Most notably the writer of the article from whence the data was sourced is not an accredited economist has a bachelors degree in English and a Masters degree in Global communication

    Like

  37. Well Well & Consequences November 6, 2016 at 7:42 AM #

    http://ow.ly/bXsZ305TLVY

    Compiled last year, published this year, don’t know if it has been updated yet.

    The 20 most indebted countries.

    Like

  38. Vincent Haynes November 6, 2016 at 1:17 PM #

    India tells Theresa May to take more migrants and drop the UK’s ban on mangos too if she wants a trade deal

    Read more: http://www.dailymail.co.uk/news/article-3909184/India-tells-Theresa-migrants-drop-UK-s-ban-mangos-wants-trade-deal.html#ixzz4PFYnyafW
    Follow us: @MailOnline on Twitter | DailyMail on Facebook
    ……………………………………………………………………………………………
    This is what she will face at the EU table as well…….migrants!!

    Like

  39. David November 6, 2016 at 1:19 PM #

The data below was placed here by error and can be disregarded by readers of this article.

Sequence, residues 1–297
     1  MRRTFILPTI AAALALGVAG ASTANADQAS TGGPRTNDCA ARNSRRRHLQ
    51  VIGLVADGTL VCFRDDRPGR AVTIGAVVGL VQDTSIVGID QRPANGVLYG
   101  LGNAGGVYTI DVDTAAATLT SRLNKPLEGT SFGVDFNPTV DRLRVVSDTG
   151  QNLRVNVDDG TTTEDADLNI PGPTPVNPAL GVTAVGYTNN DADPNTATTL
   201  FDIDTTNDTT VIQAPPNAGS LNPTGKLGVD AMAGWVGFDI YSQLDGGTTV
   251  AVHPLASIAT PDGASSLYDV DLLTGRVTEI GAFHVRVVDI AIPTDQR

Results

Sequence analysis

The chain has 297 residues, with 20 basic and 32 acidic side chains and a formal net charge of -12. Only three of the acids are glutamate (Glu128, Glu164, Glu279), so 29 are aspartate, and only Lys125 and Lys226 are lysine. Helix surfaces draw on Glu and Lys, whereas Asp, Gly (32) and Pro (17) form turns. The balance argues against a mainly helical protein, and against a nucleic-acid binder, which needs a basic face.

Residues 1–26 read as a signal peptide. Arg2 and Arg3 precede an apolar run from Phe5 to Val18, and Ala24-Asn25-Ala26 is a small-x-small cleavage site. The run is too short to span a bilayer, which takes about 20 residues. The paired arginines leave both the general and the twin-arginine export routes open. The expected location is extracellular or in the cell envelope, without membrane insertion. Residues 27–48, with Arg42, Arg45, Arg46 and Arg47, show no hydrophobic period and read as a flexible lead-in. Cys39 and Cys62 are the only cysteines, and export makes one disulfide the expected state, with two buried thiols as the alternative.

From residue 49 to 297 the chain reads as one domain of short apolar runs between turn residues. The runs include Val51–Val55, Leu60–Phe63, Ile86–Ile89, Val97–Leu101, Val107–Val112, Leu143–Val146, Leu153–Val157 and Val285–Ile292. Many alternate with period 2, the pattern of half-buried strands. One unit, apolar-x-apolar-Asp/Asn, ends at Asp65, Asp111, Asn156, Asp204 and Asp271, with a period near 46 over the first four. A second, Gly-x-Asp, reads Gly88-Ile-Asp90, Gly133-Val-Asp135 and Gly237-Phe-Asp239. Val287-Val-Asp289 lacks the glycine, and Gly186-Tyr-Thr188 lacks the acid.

The Brexit judges who rules holding some heat.

    https://www.theguardian.com/politics/2016/nov/04/enemies-of-the-people-british-newspapers-react-judges-brexit-ruling

    Like

  40. Vincent Haynes November 6, 2016 at 1:42 PM #

    Nigel Farage warns there could be RIOTS as he clashes with Brexit wrecker nemesis Gina Miller over her legal bid to block EU exit

    Read more: http://www.dailymail.co.uk/news/article-3910012/You-biggest-fan-Gina-Miller-clashes-Nigel-Farage-live-TV-Brexit-legal-challenge-Ukip-leader-warns-defying-people-trigger-RIOTS.html#ixzz4PFf8Phnh
    Follow us: @MailOnline on Twitter | DailyMail on Facebook

    Like

  41. David November 6, 2016 at 1:45 PM #

    We now those bloody English have a streak in them if we recall the poll tax demonstrations.

    Like

  42. Vincent Haynes November 6, 2016 at 2:00 PM #

    Farage is a loose cannon whose last shot was Brexit…….the majority of the voters have not agreed on Brexit,which is why I believe that the sensible thing to do is to call an election especially as Labour is still squabling with Watson backing May and Corbyn telling members to vote against it if May does not accede to his demands on it.